Some few years ago I attended a Sunday Mass in Montreal, one which had the same Gospel as in today's celebration. After Mass I spoke to the priest on the challenge this Gospel offered. He admitted that he found it a difficult passage, but he said, "I think I got it."
Luke's sparse writing invites imaginative reflection. The opening verses of chapter 14, those before today's reading, place Jesus as a dinner guest on the Sabbath at the house of a prominent Pharisee. He heals a sick person and offends some of the righteous, it being the Sabbath and all.
Then in today's reading, Luke makes an abrupt change from the dinner table to the outdoors where Jesus continues teaching.
Luke writes, "Large crowds were travelling with Jesus." How many people in "large crowds"? A hundred? Fifty? Twenty-five? We don't know.
'Whoever does not carry the cross and follow me cannot be my disciple.'
But some things we can infer: most of the people were friendly, but probably not all of them. They accompanied Jesus because of his renown, and some because they wanted to become his disciples. Later, they would eagerly tell their friends what they had done. In our day we would say "he had celebrity status."
As they accompanied him, they tried to anticipate his destination and they might have jostled him. They peppered him with small talk, questions and comment, "You once spoke of forgiveness. I like the idea, but why do it?"
Another person pressing nearer asks, "You told about the young scamp who blew the inheritance his father gave him because of his wild ways. Why would his father welcome him back? I don't get it, etc., etc."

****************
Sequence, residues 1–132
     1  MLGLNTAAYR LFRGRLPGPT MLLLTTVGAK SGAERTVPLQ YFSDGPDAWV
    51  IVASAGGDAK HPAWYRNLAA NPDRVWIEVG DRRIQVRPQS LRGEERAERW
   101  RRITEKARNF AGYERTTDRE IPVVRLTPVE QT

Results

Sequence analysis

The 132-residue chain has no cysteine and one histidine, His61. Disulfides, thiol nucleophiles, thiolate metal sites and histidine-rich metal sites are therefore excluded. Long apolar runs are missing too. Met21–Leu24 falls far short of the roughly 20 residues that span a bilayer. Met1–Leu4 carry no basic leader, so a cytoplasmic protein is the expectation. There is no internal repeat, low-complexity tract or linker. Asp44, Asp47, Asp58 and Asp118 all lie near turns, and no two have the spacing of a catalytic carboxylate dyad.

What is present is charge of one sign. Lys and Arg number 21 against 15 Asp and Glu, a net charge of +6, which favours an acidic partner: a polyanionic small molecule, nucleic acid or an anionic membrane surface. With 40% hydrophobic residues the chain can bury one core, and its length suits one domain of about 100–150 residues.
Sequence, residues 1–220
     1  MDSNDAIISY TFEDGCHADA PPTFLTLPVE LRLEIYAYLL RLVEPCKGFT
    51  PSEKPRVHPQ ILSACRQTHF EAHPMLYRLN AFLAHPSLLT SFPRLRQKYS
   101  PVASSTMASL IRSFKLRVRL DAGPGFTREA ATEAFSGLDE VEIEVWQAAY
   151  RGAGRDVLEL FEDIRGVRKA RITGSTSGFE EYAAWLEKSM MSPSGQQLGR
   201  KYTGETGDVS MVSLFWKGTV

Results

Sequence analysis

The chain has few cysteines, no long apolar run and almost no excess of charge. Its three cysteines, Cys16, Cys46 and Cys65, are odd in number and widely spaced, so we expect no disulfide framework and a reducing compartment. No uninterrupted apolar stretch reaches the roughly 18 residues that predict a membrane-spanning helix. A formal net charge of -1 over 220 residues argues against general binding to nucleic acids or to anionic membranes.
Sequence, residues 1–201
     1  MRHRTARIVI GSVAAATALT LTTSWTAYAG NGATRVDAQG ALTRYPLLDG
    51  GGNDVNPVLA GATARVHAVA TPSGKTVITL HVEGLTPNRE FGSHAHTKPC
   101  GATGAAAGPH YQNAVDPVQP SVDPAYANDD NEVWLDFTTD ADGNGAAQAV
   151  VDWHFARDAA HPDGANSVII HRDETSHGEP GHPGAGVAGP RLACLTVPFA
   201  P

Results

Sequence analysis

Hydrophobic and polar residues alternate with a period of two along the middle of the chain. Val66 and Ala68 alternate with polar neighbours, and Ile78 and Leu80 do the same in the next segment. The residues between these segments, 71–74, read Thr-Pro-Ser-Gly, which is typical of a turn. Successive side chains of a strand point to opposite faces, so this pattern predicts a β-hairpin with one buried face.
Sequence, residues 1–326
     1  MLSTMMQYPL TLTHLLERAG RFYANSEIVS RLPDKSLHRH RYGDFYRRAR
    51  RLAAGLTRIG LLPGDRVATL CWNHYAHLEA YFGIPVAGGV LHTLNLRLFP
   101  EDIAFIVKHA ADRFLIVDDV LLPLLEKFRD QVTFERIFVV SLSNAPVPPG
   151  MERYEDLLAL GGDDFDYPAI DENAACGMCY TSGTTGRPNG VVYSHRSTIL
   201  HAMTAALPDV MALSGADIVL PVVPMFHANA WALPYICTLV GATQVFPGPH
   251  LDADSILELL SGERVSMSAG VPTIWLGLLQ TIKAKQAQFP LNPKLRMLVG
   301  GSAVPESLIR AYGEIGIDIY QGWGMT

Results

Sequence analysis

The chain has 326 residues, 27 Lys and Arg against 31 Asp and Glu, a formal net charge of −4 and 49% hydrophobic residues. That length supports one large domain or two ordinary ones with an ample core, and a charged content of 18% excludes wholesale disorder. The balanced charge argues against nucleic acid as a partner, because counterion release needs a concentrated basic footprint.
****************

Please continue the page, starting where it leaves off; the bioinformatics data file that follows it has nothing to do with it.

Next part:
This talking continues, now a question, now an answer, now a "Huh? What did he say?" They walked, stirring up dust, dodging holes and stones on the road, brushing away flies and sweat.
The questioning and comment becomes importunate and Jesus can answer only those nearest him. But he soon realizes that their questions reflect the interests and needs of others, farther away in "the crowd." In Luke's simplest description, "he (Jesus) turned - to them . . .".
Impatient with the persistent questioning? Perhaps. He stopped. He turned to them. He held up his hands, palms outspread, seeking silence.
If he spoke like a 21st century Canadian, he would have said, "Wait a minute! Some of you have questions. I can see you genuinely want to know. Let me give you the lesson as in a parable. I want to make the point: Whoever comes to me and does not hate their father and their mother, wife and children. . . . "
As Luke reports it, Jesus says discipleship requires full commitment.
People live by the standards Jesus lays on them in today's Gospel when they behave well, when they care for each other, when they forgive each other, when they love God, their neighbour and themselves, when they seek to do his will.
As the priest at the Sunday Mass in Montreal said, "I think I got it."
(Ralph Himsl: firstname.lastname@example.org)